Written on the subway walls

My comments on the French election posters, which appeared in bulk last weekend with the formal beginning of the campaign, after which strict equal-access rules apply…

The ruling principle is the difference between those who want to be elected, and those for which the style of candidacy is most important.

Those who want to be elected are keen on getting votes, by the silliest means. Those who don’t expect – or seriously want – to be elected are keen to be seen to be doing politics how they wish it was done. Hence Sarko, Bayrou, Royal, and Le Pen’s posters are all centred on the candidate’s face, which is meant to convey their virtues but also their context.

For example, Sarkozy’s face appears, well-lit, from a darkened landscape, above his name and nothing else. Subtext – I am a leader without party, come to relieve our darkness. Join! Francois Bayrou’s is not that dissimilar, which should not really be surprising given that he thinks he really is without party, and that his party used to be more rightwing than Sarko’s as recently as 1994.

Ségoléne Royal’s face is inevitably the centre of hers, but what is this? Grainy, monochrome photography, with a block red masthead and italic, bold white Helvetica type. It looks like a 1970s leftwing paper’s front page from some demonstration, presumably intended to lend some revolutionary romance to her image (and herald a last-minute tack to the base?). More importantly, it’s easily the best-designed and most recognisable of the lot, rivalled only by…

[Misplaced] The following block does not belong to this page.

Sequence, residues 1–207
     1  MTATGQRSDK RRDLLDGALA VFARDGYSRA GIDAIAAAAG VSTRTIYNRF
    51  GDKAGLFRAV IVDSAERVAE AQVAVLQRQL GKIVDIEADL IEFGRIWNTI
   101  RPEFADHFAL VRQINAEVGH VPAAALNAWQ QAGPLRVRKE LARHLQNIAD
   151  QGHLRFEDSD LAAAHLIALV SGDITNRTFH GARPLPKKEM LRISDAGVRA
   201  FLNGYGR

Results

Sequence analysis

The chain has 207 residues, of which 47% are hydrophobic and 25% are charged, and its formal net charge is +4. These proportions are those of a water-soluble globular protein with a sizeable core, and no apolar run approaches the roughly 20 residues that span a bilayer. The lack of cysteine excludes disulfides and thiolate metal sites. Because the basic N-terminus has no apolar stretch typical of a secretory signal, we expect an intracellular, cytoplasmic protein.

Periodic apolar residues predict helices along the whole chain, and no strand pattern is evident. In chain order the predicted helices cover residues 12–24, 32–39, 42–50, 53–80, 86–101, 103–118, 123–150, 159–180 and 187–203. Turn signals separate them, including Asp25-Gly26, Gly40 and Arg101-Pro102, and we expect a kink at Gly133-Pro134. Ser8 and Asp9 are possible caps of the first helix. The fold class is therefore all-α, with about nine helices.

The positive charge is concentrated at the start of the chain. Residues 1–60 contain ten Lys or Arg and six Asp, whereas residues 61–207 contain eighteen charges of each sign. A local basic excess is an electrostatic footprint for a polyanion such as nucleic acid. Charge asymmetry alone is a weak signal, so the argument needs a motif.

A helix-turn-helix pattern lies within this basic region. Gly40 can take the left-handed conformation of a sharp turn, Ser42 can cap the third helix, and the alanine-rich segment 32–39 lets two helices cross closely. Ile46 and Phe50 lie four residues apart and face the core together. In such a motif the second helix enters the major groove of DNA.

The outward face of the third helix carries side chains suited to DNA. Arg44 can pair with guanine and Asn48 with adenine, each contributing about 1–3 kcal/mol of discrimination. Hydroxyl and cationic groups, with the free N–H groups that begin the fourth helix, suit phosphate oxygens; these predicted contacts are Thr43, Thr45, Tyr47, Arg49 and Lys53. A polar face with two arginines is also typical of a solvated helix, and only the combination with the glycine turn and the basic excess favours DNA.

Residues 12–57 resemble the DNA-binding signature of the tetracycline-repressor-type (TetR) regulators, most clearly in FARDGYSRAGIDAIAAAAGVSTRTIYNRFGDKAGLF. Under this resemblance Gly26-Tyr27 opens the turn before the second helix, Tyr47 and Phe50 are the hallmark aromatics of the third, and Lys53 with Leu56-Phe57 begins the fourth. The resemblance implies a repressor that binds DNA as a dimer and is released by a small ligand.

Le Pen’s, which shows the man himself on stage, looking astonishingly like Ian Paisley. Like the Man Standing in the Gap Left By God, Le Pen’s political career is founded on his stage performance. Makes sense, and is at least legible. His far-right rival, Philippe de Villiers of the MPF, is a borderline case. No-one thinks he will get a significant vote, but he probably thinks he will. Notable is the odd look in his eyes – his party is very much the UKIP to Le Pen’s BNP, appealing to Catholic farmers rather than secular townies, and like them, he could well be described as a swivel-eyed loon.

The others know they won’t be elected, and have their explanations ready – the election system is against them, the media is controlled by the armaments industry, France needs a more deliberative system. So they are free to design as if everyone in the country would stop to read every word. Olivier Besancenot, Arlette Laguillier, and the risible Schivardi stuff theirs with reams of text, illegible without making a point of visiting every poster – which is what they wish you would do, and they choose to imagine a society where everyone would. Voynet’s just look like they were left over from last time out.